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Essentials to sustaining cricket health and prosperity.

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The Essentials to keeping your crickets healthy, to keep your pet healthy.

Great cricket care is essential to anything eating crickets.  Diseased and crippled crickets don't offer the vital nutrients that fulfill the lives of those eat them.  And when the crickets are raised properly, there is a greater chance that they will breed, increasing the longevity of your finite cricket supply.  Here are some essential tidbits and bite-sized notes and facts about cricket care and how to sustain their health, to sustain the health of the feeder.  

Here's the riot diet summary of those voracious crickets:

  • plants
  • potatoes and sweet potatoes
  • apples, bananas, oranges, mangoes, berries, and pineapples
  • dog food, cat food, chicken mash, corn meal, and other dry goods
  • dry milk for muscle building
  • the limbs and remains of dead insects

What Plants Work?

Crickets have herbivore tendencies, and glutton experiences.  They thrive on soft rotting vegetation, which proves to be the easiest for them to consume.  If unavailable, then fresh green leafy vegetation is an appropriate substitute.  Once the vegetation travels beyond the scissor-like mandibles, the food will journey through the pharynx, and tunnel through the esophagus before being stored into the cricket's stomach.  Inside the stomach, the food begins to digest through hydrolysis, as enzymes in the cricket's stomach helps to breakdown the food.  Beyond the stomach, the food then enters the proventriculus, a chamber wielding cuticular teeth that grind the food into finer particles that eventually absorbs all the nutrients.  The remaining material is passed through rectum, and expelled through the sphincter as fecal pellets.  

What About Fruits and Vegetables?

Potatoes are among the best things to add to a cricket's diet. Crickets tend to respond to sweet potatoes better than traditional potatoes but any option will work.  Their mandibles are limited in power, and it is necessary to cut up the potato, so to release the inner sweetness of that starchy spud.  

Meanwhile, fruits are especially great for crickets to consume. Apples, oranges, bananas, mangoes and berries are popular choices.  However, if you are feeding your crickets to bearded dragons, you will want to avoid anything with citrus.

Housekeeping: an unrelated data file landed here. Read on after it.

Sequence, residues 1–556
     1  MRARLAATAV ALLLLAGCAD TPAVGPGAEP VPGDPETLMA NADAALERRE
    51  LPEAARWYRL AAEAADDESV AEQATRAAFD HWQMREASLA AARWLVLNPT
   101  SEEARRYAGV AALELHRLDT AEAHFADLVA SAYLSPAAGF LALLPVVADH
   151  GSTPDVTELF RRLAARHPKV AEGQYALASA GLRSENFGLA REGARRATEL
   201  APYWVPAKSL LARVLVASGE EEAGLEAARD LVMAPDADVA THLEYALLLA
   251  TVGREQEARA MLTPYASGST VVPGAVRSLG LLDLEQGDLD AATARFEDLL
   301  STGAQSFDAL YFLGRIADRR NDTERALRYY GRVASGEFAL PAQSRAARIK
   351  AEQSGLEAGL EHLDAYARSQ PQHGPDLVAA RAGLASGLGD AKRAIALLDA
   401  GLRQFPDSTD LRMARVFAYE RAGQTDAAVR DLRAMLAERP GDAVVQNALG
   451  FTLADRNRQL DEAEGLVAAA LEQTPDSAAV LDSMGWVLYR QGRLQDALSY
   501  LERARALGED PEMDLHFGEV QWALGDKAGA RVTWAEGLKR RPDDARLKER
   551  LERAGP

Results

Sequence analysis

These are not only good for crickets but they also contain a natural amount of water, which help fulfills another crucial need for every cricket on earth.  

Dry Items Are Qualifying Candidates

Dry foods can be a nice addition to any cricket diet. Chicken feed, dry cat food, or dog food is great for crickets.  But because cat and dog food have a variety of base ingredients, it is beneficial to search for vegetable-based dog and cat food.  The vegetable based foods have more nutrients that will benefit the crickets, which will increase the health and longevity of your favorite bug-munching pets.   

Mixed seeds can also be added. Pumpkin and sunflower seeds are great for a cricket's diet. You can even add powdered alfalfa and wheat bran into the habitat.

Gut-loading your crickets is essential if you plan on feeding them to your leopard gecko or bearded dragon.  

Dry Milk Is the Body Builder

Dry milk is an especially helpful item for cricket growth. The crickets engorge the dry milk, and It helps to stuff the crickets and make their bodies larger and more nourished. This is a helpful tactic when trying to beef up your crickets in a short period of time.  

What About Other Insects?

While crickets can enjoy many plant-based materials and seeds, they are also omnivores. Sure, they look cute, but crickets tend to consume smaller insects including their dead bodies. You can give crushed ant remains and other ground-up bodies of different insects to your crickets.

Make sure you give your crickets enough of these insects. They enjoy good meat sources from other insects and are even willing to consume other crickets just to stay nourished.

But keep in mind, although crickets are carnivores, you will need to remove decaying crickets from their habitat.  When crickets die, their bodies release ammonia.  This ammonia will accumulate in the base of your cricket habitat, and kill off your colony.  So be sure to remove the deceased crickets from your cricket bins. 

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